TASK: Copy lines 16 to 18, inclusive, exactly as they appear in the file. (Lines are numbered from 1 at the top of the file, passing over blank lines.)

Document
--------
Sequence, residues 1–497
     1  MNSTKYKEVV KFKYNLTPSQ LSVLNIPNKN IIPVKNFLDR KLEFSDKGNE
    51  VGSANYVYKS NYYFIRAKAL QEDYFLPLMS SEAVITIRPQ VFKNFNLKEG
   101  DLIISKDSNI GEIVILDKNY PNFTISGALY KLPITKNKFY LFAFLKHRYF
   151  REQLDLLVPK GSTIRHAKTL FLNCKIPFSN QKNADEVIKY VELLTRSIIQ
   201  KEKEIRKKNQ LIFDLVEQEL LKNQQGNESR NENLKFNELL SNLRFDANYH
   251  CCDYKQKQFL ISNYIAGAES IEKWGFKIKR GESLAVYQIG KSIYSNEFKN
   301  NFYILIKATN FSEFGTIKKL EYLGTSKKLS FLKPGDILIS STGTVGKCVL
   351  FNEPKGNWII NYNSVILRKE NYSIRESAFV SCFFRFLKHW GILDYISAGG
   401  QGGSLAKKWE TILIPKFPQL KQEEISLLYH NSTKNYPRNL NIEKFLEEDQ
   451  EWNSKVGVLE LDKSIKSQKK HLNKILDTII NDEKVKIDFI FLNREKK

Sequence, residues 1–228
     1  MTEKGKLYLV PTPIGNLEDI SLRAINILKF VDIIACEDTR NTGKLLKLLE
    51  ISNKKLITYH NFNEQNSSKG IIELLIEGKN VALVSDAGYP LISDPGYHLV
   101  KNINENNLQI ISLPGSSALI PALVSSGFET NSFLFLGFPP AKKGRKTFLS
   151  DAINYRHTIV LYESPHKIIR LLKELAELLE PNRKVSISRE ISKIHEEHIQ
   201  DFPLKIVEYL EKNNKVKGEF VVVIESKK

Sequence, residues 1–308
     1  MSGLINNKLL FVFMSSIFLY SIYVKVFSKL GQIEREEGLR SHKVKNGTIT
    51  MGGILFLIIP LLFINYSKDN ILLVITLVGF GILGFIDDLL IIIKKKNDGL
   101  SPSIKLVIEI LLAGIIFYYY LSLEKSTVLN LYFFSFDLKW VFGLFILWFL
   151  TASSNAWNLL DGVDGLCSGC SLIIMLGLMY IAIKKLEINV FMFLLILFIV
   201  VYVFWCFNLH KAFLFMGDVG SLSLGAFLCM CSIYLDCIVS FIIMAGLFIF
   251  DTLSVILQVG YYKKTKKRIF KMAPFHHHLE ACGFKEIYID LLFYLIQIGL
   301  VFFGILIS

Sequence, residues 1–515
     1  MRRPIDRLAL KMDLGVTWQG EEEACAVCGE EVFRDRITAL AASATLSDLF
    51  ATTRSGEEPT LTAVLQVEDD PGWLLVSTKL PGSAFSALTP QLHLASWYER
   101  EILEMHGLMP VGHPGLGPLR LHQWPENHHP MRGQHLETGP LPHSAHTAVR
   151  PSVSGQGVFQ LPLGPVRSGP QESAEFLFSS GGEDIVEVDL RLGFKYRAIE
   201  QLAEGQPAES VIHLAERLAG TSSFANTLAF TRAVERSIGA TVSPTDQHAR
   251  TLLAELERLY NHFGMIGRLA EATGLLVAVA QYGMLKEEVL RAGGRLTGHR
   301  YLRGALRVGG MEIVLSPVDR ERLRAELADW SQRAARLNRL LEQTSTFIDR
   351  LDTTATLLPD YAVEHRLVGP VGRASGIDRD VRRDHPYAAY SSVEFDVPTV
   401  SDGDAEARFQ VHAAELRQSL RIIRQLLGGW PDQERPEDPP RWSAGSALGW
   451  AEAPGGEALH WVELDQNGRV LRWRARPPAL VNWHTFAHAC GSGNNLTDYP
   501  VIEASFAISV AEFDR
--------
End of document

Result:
   151  DAINYRHTIV LYESPHKIIR LLKELAELLE PNRKVSISRE ISKIHEEHIQ
   201  DFPLKIVEYL EKNNKVKGEF VVVIESKK

Sequence, residues 1–308